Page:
Writers Theatre sets a blistering look at marriage in ‘Company’
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Those with plans to say “I do” might want to postpone a visit to “Company,” the form-and-content-altering 1970 musical about marriage driven by Stephen Sondheim’s scorching score and a book by George Furth.
When: Through Aug. 14
Where: Writers Theater, 325 Tudor Court, Glencoe
Tickets: $35 – $80;
Run time: 2 hours and 30 minutes, with one intermission
On the other hand, this show — now receiving a fierce, subtly modernized revival at Glencoe’s Writers Theatre — might very well be the most honest marriage manual you will ever encounter, even if so many more people are now living singly, and marital roles have morphed considerably. For in its portrait of Bobby, the 35-year-old New York bachelor with a terror of commitment — a man whose “good and crazy” friends include five couples in various states of wedded bliss and misery (or some combination of the two) — you will find an anatomy of marriage filled with blistering revelations and nonstop ambivalence.
At the same time, the show can be seen as a most fervent endorsement of the need for “company” — a life companion. As the lyrics of its most searing song explains, there is an ache for “Someone to hold me too close. Someone to hurt me too deep… And make me aware, Of being alive.” One thing is for certain: You will not come away from this very adult musical without being shaken.
The Writers Theatre production — the first musical to be staged in its new home — is not without its flaws, but they are far out-weighed by its many strengths. And director William Brown’s attempts to gently update the show work well. “Company” was very much a look at a group of upscale white Manhattanites, with a trio of single, working women drawn to the ever-elusive Bobby like moths to a flame. But Brown has cast one couple with African-American actors (Alexis J. Rogers and James Earl Jones II, who inject just the right amount of humor into their combative, truth-bending, yet in-synch relationship). And a younger pair, played by Patrick Martin and Blair Robertson (in a deft, expertly sung turn as a not so “square” good girl), now arrives with a baby in a wrap-around carrier. (The brief use of a mobile phone upends the enduring ’70s aura.)
“Company” is a fantasia of sorts, set in motion by the “surprise” birthday party Bobby’s friends throw for him. That event triggers a series of scenes in which he is the witness to the often tumultuous interactions that define the courtships, marriages and divorces of the others. What he sees horrifies and baffles him, and only confirms his choice to remain single. By the end of the first act, Bobby (played by Thom Miller, a handsome actor with just the right mix of charisma and detachment), can enumerate precisely what he wants in a mate in the brilliant “Marry Me a Little.” Miller then nails the second act’s closing anthem, “Being Alive,” though you still wonder whether anything will really change in Bobby, a guy who cannot utter the words “I love you.”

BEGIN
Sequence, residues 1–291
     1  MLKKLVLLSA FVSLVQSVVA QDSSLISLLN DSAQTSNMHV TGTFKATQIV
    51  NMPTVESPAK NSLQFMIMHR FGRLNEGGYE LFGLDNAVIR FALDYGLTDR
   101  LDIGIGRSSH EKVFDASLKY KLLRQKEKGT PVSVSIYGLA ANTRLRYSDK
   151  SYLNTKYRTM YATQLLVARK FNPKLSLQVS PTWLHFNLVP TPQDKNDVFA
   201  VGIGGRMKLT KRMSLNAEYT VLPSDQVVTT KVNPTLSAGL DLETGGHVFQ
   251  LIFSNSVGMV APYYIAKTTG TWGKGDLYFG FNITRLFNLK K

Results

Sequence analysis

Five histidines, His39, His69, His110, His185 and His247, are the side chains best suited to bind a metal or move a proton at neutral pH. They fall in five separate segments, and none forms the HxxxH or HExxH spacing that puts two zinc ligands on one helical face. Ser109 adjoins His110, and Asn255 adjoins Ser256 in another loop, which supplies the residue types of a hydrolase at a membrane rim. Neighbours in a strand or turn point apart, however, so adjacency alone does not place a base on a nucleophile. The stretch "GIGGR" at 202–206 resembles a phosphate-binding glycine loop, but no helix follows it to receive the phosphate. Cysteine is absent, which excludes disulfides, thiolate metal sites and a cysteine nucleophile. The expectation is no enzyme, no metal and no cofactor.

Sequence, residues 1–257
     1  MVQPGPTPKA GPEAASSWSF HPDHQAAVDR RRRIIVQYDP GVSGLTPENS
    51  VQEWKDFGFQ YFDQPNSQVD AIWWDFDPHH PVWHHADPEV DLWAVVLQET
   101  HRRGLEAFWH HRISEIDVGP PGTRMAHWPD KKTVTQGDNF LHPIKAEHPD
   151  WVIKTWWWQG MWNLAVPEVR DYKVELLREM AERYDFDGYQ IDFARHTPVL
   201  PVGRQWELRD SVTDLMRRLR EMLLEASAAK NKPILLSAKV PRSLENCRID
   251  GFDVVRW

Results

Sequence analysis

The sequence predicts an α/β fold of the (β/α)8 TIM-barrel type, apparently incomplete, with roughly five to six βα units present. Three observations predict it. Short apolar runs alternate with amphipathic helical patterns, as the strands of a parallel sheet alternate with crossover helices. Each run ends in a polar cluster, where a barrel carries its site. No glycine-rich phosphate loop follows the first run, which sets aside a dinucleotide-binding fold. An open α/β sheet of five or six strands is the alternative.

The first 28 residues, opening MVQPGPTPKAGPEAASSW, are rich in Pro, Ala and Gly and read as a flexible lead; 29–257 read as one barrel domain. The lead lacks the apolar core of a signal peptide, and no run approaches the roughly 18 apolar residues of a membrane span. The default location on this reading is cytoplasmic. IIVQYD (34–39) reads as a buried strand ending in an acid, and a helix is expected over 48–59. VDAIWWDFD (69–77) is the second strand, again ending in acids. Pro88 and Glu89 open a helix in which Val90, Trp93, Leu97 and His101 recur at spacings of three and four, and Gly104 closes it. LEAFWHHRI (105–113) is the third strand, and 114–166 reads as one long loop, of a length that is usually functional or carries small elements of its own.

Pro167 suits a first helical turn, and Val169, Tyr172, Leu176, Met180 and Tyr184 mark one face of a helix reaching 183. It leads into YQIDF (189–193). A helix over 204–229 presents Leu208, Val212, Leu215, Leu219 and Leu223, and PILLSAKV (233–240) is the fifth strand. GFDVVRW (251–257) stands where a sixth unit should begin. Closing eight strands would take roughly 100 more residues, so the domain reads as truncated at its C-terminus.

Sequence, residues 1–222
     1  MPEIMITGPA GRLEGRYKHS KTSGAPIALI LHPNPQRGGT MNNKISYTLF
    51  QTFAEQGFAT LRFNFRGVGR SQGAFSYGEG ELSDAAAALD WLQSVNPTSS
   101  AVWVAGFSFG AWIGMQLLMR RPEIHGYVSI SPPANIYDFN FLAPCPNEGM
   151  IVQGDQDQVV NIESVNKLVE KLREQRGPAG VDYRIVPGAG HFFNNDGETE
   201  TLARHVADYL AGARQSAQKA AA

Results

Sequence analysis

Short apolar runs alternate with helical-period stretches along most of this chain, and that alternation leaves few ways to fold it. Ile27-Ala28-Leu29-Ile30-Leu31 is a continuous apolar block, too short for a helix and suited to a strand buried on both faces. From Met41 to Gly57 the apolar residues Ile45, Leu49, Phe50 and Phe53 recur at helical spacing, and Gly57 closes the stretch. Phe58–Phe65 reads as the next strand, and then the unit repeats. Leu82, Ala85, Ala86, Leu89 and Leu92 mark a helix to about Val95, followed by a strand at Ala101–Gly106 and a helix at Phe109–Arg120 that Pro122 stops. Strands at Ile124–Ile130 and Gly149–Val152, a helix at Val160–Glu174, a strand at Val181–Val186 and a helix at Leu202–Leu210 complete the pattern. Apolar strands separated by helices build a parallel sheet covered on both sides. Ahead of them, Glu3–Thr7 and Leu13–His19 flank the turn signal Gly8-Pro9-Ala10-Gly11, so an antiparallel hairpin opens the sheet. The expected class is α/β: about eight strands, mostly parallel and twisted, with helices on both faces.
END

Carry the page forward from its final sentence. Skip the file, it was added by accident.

Among the most appalling relationships Bobby witnesses are those between Amy (Allison Hendrix in one of the show’s most sensational turns), as the Catholic girl who erupts in a pre-nuptial panic of epic proportions before she finally marries her forgiving Jewish boyfriend, Paul (Bernard Balbot), and between Joanne (Lia Mortensen), the sexually aggressive alcoholic in middle age who is married to her younger, self-possessed third husband, Larry (Patrick Sarb). Hendrix is brilliantly neurotic, funny and (finally) cruel in the furious patter song, “Getting Married Today,” and her precision-tooled diction would delight Sondheim. Mortensen brings down the house with “The Ladies Who Lunch,” giving Elaine Stritch, its fabled original interpreter, a real run for her money. Enough said.
Playing Bobby’s three different “girlfriends” are Jess Godwin (as April, the dim-witted flight attendant), Chelsea Morgan (as Kathy, who flees New York for a normal life), and Christine Mild (as Marta, the independent woman who adores New York).
The actors’ conversational approach to the lyrics is superb, even if there is a bit of off-key singing at times in this fiendishly difficult score (under the musical direction of Tom Vendafreddo, with a fine seven-piece orchestra led by Michael Kaish). Todd Rosenthal’s dramatic set features a wildly vertiginous view of New York highrises, plus a series of multi-leveled “balconies” that make for perilous climbing. But that is the least of the “perils” explored in this deeply unsettling musical.
NOTE: There is no song list for the show in Writers’ magazine-sized program. Bad decision.